As purportedly nonfictional cinema, Bloodline poses an implicit dilemma to viewers and critics: How do we know if what we’re watching is real? Such is the skepticism one must take with them into virtually every documentary of the past few years—no small thanks to the dubious tactics of Michael Moore—but the stakes of Bloodline‘s subject matter lie so high that one can’t help but turn up their sense of scrutiny to 11. The theory that Jesus of Nazareth married and impregnated Mary Magdalene has been the inspiration for work both transcendent (Martin Scorsese’s The Last Temptation of Christ) and stinky (Ron Howard’s The Da Vinci Code), but few films have attempted to deal with the proposition in hard facts such as filmmaker/detective Bruce Burgess does so here.
Chronicling a three-year investigation into the matter, Bloodline is wary of the tightrope it walks upon and thus does not proclaim any of its discoveries to be necessary proof of the matter; Burgess states his opinions openly but is refreshingly honest in presenting his work as inconclusive research into something far beyond the argumentative capabilities of a single film. One only needs to question the official story of Christ to send countless individuals scurrying to protect their interests, be they the spiritual investment made into his story of hope or the sheer economic might of the Catholic Church. Bloodline is best when it pontificates on its own place in the world, eventually suggesting that a new perspective on Christ’s life might be the true resurrection.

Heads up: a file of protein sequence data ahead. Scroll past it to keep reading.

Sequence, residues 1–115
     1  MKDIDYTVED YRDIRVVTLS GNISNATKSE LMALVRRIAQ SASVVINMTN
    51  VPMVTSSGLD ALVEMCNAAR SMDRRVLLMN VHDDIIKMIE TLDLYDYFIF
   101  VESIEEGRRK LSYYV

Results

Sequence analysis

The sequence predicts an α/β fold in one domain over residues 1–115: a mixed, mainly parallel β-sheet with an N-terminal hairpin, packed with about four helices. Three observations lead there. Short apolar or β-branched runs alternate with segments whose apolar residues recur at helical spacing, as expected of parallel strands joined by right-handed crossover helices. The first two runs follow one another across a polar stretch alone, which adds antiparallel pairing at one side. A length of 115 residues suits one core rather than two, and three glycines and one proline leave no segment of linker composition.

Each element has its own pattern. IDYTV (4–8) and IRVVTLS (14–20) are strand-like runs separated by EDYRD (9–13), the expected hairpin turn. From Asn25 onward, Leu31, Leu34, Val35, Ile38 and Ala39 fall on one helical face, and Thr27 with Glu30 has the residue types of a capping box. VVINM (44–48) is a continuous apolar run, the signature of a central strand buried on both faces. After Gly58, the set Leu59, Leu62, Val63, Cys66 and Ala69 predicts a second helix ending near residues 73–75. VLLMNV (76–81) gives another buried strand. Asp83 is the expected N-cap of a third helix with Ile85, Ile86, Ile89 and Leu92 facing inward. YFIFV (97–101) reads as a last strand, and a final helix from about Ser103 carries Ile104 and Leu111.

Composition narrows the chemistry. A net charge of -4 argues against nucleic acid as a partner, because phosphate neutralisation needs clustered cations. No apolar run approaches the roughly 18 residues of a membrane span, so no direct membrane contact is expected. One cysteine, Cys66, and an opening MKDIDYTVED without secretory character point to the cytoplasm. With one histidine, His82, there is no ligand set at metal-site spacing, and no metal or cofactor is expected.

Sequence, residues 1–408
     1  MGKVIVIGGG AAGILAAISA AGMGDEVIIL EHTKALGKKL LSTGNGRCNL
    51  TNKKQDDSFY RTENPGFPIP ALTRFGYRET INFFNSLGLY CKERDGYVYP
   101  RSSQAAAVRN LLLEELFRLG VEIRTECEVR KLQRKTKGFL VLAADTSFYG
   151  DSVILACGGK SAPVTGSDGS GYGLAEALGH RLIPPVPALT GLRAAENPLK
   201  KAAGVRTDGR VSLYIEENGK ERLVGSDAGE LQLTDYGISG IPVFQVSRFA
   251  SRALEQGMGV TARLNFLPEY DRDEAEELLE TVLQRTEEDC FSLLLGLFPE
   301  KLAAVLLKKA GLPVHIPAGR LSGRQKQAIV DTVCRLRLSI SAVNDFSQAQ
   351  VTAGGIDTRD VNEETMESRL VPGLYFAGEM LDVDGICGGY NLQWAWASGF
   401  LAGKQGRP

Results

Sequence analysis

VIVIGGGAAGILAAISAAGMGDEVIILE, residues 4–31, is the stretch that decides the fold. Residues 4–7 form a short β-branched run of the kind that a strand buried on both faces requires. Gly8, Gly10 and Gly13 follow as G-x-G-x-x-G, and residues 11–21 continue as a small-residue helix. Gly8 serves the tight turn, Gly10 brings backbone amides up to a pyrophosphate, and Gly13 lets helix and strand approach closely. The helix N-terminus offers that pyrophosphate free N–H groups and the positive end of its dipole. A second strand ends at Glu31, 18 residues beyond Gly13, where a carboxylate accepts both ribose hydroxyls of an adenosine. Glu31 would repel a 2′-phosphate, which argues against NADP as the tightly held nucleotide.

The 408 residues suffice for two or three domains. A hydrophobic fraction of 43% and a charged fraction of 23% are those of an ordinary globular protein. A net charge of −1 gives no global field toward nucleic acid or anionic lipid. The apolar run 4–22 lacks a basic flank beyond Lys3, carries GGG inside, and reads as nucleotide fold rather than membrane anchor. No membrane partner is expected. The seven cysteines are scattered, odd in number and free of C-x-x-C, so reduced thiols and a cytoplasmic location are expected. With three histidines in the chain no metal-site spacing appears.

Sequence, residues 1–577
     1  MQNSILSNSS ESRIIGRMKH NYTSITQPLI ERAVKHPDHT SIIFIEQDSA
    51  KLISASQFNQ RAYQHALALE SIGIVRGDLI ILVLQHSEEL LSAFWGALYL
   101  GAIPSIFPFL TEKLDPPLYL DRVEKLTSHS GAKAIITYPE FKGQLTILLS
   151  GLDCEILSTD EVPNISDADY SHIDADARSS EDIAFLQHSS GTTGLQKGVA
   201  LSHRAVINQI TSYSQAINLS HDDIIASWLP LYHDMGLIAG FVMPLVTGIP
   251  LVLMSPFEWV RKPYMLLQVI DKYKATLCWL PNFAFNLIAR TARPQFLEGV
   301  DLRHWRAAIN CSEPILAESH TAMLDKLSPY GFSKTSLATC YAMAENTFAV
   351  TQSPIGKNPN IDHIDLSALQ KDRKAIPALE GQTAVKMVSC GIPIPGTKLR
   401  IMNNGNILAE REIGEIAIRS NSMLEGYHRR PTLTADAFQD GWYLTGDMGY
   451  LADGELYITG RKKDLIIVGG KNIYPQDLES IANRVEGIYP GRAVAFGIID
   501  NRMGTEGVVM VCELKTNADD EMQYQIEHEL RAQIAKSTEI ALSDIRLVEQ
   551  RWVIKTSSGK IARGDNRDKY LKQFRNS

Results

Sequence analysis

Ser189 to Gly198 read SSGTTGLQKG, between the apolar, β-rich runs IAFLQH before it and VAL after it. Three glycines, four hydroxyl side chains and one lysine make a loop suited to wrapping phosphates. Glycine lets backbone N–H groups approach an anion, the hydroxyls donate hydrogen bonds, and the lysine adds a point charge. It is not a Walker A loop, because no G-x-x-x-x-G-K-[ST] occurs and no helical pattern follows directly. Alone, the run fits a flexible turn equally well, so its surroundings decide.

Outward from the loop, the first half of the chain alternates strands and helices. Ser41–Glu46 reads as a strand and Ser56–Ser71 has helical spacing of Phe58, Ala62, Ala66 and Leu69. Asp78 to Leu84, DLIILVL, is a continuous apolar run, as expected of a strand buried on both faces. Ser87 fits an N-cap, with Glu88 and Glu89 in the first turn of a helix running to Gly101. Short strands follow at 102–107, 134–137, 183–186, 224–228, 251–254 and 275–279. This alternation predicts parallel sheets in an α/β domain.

Concrete or not, however, the physical evidence of his bloodline as shown here is awesomely compelling, from interviews with individuals claiming intimate knowledge on the Priory of Sion—the organization rumored to have long protected the secrets of Jesus’s life as covered up by the Catholic Church—to an extended exploration of a French tomb that contains what may very well be the mummified remains of Mary Magdalene. Teaming up with fellow researchers to ferret out hidden clues coded into works of art and the architecture of key religious buildings, Burgess’s efforts are not unlike a high-stakes scavenger hunt, individuals from the past having left behind clues for a future world more equipped to handle the truth. An inherently in-progress work, Bloodline begs for a sequel some time down the road, but for the time being it’s one heluva rough draft. Either that, or, an amazingly constructed hoax.